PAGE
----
distances being obtained from vthe length of stroke registered by the golf machine, said scale and protractor defining the roll of the ball for the particular length of stroke.

3. In a golf game a plurality of charts, each chart having delineatedthereon a golf course with the associated hazards, means embodying a scale and protractor for determining the position on said course of a golf ball after each stroke, said means delining the length of roll of the ball for the length of shot whereby hazards in the path of roll of a ball may be deemed to intercept the movement of said ball and bring the same to rest.

4. In a golf ame a chart upon which is delineated a p aying field representing a golf course, a scale for'measuring on said course the distance travelled by a golf ball, a protractor cooperating therewith for defining the length of roll of the' ball for each stroke, the hole of said course having described about the same a plurality of circles whereby areas are defined adjacent said hole in which prescribed putting rules preva1 5. A game of the class described for use in connection with a golf machine adapted to register the length of a stroke, said game including a chart having delineated thereon a playing field representing a golf course, alls .adapted to be placed in various positions on said playing field, a scale and protractor adapted to determine the position of a ball after each stroke on said machine,

the basis ot calculation being the length oi said stroke registered by said machine, said scale and protractor dening the length of' roll of the ball tor each length of stroke,v

'dening the distance from the holel 6. ln a game of the clam described a chart having delineated thereon a playing held representing a golf course, each hole oi said course being delineated upon a separate chart9 a plurality of balls adapted to be positioned at determinable places on said playing field, a scale drawn to the same scale as said playing tield9 a slidable protractor cooperating therewith, division marks on said protractor, said protractor being displaceable on said scale to can@ a selected division marl: to coincide with the division line on said scale representing the length of stroke, the distance between the coinciding mark on said protractor and the rear edge of the same dehning the length oi roll of the ball for that length ot stroke whereby the topography of the goil course may be considered as intercepting the roll of the hall,

7. A game apparatus of the class described9 for use in connection with a golf machine designed to register the length ol' a stroke and an indoor putting carpet and cup, comprising charts upon which are delineated a golf course representing the playing eld9 a scale and protractor correspond playing ield* and the playing held, one of said lines dening the minimum distance said golf machine will register? the remaining lines dening the distance ot the ball from the hole whereby the ball'may be correspondingly placed on the putt-ing carpet.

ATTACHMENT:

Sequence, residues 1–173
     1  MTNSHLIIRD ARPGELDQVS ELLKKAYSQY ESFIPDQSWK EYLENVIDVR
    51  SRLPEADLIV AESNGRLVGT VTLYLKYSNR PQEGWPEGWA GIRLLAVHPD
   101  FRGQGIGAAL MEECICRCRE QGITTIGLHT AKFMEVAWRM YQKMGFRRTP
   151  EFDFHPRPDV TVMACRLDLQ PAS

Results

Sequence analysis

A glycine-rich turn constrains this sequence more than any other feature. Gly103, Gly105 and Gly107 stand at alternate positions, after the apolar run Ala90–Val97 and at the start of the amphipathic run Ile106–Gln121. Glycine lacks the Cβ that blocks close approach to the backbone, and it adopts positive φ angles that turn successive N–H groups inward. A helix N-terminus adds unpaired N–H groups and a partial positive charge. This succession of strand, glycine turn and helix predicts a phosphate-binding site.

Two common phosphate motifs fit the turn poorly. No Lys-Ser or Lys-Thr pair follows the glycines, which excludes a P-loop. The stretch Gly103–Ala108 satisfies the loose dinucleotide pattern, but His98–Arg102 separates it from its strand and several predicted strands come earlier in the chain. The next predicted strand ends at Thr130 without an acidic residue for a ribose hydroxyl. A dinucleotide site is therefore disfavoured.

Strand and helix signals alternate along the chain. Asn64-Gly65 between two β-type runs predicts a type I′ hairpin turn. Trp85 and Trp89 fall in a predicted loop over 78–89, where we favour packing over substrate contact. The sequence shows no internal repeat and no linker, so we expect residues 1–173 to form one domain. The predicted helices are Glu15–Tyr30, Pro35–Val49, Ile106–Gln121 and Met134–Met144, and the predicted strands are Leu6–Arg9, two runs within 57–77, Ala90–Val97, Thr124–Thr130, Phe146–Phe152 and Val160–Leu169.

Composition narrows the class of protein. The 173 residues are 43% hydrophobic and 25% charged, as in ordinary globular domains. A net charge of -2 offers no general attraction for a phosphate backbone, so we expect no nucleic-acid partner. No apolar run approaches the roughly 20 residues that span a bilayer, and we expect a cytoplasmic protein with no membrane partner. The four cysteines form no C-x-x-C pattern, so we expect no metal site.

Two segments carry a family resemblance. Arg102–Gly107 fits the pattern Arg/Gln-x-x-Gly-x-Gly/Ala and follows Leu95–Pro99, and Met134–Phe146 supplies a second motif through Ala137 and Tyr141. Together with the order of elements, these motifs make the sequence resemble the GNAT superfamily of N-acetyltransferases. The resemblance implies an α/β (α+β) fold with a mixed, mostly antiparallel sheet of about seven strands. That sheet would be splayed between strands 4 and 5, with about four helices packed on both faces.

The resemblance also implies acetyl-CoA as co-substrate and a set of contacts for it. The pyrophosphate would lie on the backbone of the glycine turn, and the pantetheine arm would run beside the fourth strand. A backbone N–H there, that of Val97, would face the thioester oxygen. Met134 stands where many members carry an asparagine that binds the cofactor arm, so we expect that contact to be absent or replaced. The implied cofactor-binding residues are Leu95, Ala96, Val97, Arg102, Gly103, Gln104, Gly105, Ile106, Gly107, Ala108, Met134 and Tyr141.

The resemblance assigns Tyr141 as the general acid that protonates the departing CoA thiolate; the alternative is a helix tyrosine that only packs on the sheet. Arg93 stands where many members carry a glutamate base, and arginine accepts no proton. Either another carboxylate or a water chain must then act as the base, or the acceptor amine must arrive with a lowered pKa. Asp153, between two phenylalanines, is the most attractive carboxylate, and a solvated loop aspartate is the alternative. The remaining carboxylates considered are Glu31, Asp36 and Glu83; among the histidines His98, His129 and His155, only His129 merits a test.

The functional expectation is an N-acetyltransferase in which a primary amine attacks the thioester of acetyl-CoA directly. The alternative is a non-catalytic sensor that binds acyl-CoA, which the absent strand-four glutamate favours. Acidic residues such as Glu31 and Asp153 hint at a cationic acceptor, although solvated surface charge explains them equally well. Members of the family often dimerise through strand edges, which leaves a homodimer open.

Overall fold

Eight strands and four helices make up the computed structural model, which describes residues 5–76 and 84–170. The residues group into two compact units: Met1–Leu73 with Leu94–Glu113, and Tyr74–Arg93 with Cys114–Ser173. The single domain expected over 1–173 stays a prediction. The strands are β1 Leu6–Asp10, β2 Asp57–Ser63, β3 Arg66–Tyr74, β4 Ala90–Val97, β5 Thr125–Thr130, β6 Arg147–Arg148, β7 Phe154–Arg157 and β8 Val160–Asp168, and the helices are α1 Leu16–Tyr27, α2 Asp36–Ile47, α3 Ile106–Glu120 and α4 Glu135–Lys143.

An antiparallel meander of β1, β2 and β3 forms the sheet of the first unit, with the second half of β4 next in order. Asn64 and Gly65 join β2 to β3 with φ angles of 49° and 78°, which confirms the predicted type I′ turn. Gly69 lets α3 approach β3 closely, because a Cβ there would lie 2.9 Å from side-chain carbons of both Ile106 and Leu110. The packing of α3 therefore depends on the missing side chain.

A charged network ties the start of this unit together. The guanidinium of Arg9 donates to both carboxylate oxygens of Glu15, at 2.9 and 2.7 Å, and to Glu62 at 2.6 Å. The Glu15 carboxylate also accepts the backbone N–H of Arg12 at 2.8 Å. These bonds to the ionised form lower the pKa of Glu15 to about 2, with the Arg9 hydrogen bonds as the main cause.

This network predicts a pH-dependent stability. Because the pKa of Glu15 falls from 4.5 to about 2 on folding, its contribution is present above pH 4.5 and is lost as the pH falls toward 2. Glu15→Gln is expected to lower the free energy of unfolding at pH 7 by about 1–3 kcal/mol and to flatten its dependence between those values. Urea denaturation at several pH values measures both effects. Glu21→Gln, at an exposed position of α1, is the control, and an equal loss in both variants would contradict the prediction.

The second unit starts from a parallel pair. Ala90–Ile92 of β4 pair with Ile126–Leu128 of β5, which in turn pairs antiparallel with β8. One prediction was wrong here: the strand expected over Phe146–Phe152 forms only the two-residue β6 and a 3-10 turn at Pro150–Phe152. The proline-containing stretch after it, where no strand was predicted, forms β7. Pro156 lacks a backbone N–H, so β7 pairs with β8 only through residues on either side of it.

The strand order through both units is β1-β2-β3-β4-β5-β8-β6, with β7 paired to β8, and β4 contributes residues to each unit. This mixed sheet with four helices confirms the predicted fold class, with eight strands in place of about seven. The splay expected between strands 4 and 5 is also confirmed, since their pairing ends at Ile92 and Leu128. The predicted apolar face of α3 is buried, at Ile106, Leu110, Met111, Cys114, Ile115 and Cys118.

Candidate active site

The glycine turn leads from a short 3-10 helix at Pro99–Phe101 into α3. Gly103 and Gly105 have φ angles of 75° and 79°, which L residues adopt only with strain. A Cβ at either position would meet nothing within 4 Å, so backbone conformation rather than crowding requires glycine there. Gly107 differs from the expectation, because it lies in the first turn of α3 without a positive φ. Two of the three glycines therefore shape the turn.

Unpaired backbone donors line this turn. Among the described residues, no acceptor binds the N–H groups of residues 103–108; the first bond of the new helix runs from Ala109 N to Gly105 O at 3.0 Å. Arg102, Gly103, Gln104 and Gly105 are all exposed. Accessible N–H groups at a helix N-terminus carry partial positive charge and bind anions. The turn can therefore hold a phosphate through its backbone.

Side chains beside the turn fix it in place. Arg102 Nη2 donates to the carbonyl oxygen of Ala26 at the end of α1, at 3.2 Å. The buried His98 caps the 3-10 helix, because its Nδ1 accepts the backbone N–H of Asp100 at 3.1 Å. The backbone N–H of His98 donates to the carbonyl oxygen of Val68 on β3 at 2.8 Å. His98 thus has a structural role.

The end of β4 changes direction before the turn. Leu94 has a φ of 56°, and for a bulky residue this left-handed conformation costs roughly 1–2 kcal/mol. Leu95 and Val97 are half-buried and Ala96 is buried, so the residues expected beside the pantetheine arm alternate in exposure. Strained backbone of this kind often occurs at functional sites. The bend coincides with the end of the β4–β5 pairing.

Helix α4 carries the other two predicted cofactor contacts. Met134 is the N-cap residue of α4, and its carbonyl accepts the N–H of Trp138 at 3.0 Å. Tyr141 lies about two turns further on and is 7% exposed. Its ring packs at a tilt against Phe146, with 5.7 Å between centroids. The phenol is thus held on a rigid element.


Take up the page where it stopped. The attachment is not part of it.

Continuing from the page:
8. A aine apparatus ci the class described or use in connection with a golf machine desied 'to register the distance of a strolre and to register t pnlls l and slices, said apparatus embodying a chart having delineated thereon a playing field representative ot a golf course, a scale embodying three lines of angularly disposed 'graduationa two of said lines of gradaations representing a pull or slice stroke, and a protractor for use in connection with said scale, the protractor being adapted to be moved 'along' relatively t0 one oi' said lines ot gradnations .to deteine the position of the ball alter reach strolre on the ll machine, said protractor dehning the length ot roll ot the ball for each strolre.

WELS/@N MacRAE.

titi

Referenced by
Citing PatentFiling datePublication dateApplicantTitle
US2489676 *Jun 10, 1946Nov 29, 1949Blain Holloway TSimulated golf game
US3399899 *Oct 18, 1965Sep 3, 1968Frank B. ShepherdGolf putting game
US3523689 *Apr 13, 1966Aug 11, 1970Brunswick CorpGolf game
US3885795 *Jan 28, 1974May 27, 1975Walter E BrewerGolf ball putting game
US3937466 *Feb 18, 1975Feb 10, 1976Candor James TMethod for playing strategy golf
US3949987 *Apr 25, 1974Apr 13, 1976Candor James TGolfer's aid
US4095797 *Apr 26, 1976Jun 20, 1978Breese Nicholas VGolf club swing training device
US4114888 *Apr 8, 1977Sep 19, 1978The Raymond Lee Organization, Inc.Golf tour game
US4743026 *Apr 15, 1986May 10, 1988Eady Gordon EGolf game
US4934704 *May 1, 1989Jun 19, 1990William MazerIndoor golf course
US6336875 *May 2, 2000Jan 8, 2002Ronald J. RiceFantasy golf game
US20130320622 *Jun 4, 2012Dec 5, 2013Joan TunnyGame for amusement and teaching
Classifications
U.S. Classification473/150
International ClassificationA63F3/00
Cooperative ClassificationA63F3/0005, A63F2250/1042
European ClassificationA63F3/00A4J